Can anyone knowledgeable on the topic of direct vs indirect evaluation
chime in with an explanation or a link to one as my understanding is enough
to "get it" but not too really explain it.
On Aug 5, 2017 11:57 AM, "Dmitrii Dimandt" <dmit...@dmitriid.com> wrote:
> Exactly! import.meta doesn’t make import an object. new.target doesn’t
> make new an object. function.sent doesn’t make function an object.
> These are just purely arbitrary things tacked on top of randomly selected
> keywords because at one point someone needed some *introspection* info
> (such as “current execution context” etc.). Instead of designing a proper
> introspection API (or even the beginnings of it), we now have:
> - keywords that are just keywords, really (typeof, case, break, etc.)
> - keywords that are just keywords, but don’t even exist in a language.
> They are reserved for future use in various contexts: always reserved, only
> in strict mode, only in module code etc. (enum, public, private, await
> etc.). May never be used and may possibly be removed, as some keywords have
> been (int, byte, char etc.)
> - literals that are basically keywords (null, true, false)
> - non-keywords that are for all intents and purposes keywords (eval,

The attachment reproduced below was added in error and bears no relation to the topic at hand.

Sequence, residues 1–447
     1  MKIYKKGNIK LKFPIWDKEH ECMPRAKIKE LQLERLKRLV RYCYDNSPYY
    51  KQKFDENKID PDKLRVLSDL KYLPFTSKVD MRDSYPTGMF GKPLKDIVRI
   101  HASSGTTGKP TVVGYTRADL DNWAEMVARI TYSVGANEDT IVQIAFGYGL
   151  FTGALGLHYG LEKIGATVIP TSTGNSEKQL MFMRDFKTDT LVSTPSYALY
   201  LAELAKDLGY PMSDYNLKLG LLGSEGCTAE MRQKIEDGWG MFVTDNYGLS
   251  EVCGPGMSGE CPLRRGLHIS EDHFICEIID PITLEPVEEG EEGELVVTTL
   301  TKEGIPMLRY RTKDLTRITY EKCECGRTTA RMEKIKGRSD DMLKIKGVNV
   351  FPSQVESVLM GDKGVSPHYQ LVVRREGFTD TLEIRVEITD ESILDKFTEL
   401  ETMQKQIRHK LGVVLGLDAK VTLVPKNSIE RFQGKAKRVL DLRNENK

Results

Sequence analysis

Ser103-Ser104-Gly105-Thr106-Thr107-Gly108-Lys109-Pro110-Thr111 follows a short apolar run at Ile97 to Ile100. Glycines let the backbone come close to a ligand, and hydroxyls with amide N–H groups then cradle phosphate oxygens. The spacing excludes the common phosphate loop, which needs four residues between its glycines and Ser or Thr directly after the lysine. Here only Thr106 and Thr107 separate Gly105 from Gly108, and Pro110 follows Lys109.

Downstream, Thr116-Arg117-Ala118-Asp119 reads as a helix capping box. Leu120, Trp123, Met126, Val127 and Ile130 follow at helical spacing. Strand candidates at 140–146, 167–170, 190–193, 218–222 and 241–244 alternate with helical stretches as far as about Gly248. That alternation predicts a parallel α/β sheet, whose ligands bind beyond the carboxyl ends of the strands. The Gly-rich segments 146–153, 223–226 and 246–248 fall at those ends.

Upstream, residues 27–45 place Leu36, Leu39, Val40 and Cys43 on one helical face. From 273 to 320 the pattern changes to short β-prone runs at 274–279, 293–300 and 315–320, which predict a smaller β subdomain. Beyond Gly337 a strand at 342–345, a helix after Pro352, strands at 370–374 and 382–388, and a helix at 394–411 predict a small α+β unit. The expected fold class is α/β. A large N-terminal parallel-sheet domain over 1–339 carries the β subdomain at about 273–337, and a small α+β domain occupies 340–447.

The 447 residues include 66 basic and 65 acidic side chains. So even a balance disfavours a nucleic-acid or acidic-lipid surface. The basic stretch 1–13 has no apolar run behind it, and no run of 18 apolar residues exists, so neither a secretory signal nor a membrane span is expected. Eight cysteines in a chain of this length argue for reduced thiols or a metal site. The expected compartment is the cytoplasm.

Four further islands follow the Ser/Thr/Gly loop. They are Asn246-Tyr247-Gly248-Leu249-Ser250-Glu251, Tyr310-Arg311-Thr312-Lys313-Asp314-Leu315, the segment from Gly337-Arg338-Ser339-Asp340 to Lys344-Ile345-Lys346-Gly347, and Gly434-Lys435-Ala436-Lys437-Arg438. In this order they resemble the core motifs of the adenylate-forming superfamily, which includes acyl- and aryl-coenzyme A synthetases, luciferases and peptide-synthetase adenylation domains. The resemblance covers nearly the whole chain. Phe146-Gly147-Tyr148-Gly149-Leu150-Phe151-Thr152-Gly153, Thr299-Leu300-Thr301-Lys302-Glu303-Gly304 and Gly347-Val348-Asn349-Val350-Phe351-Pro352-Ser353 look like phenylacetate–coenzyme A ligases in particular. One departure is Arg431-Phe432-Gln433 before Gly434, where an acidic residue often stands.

> - keywords that look like objects (because they have additional
> properties) which are not objects (new with new.target)
> - keywords that look like functions (because they are invoked like
> functions and return values like functions) which are not functions (import)
> - keywords that look like objects *and* functions but are neither (import)
> The last three are now the current fashionable trend in TC39 for some
> reason. Why?
> On Sat, 05 Aug 2017 at 15:40 "T.J. Crowder" <">"T.J. Crowder" > wrote:
>> On Sat, Aug 5, 2017 at 2:35 PM, Naveen Chawla <naveen.c...@gmail.com>
>> > Thanks for the link! That means that `import` is already on the
>> borderline of the spec since it wants to be a function and object.
>> No, not at all. It's a keyword. `import.meta` doesn't make `import` an
>> object, any more than `new.target` makes `new` an object.
>> -- T.J. Crowder
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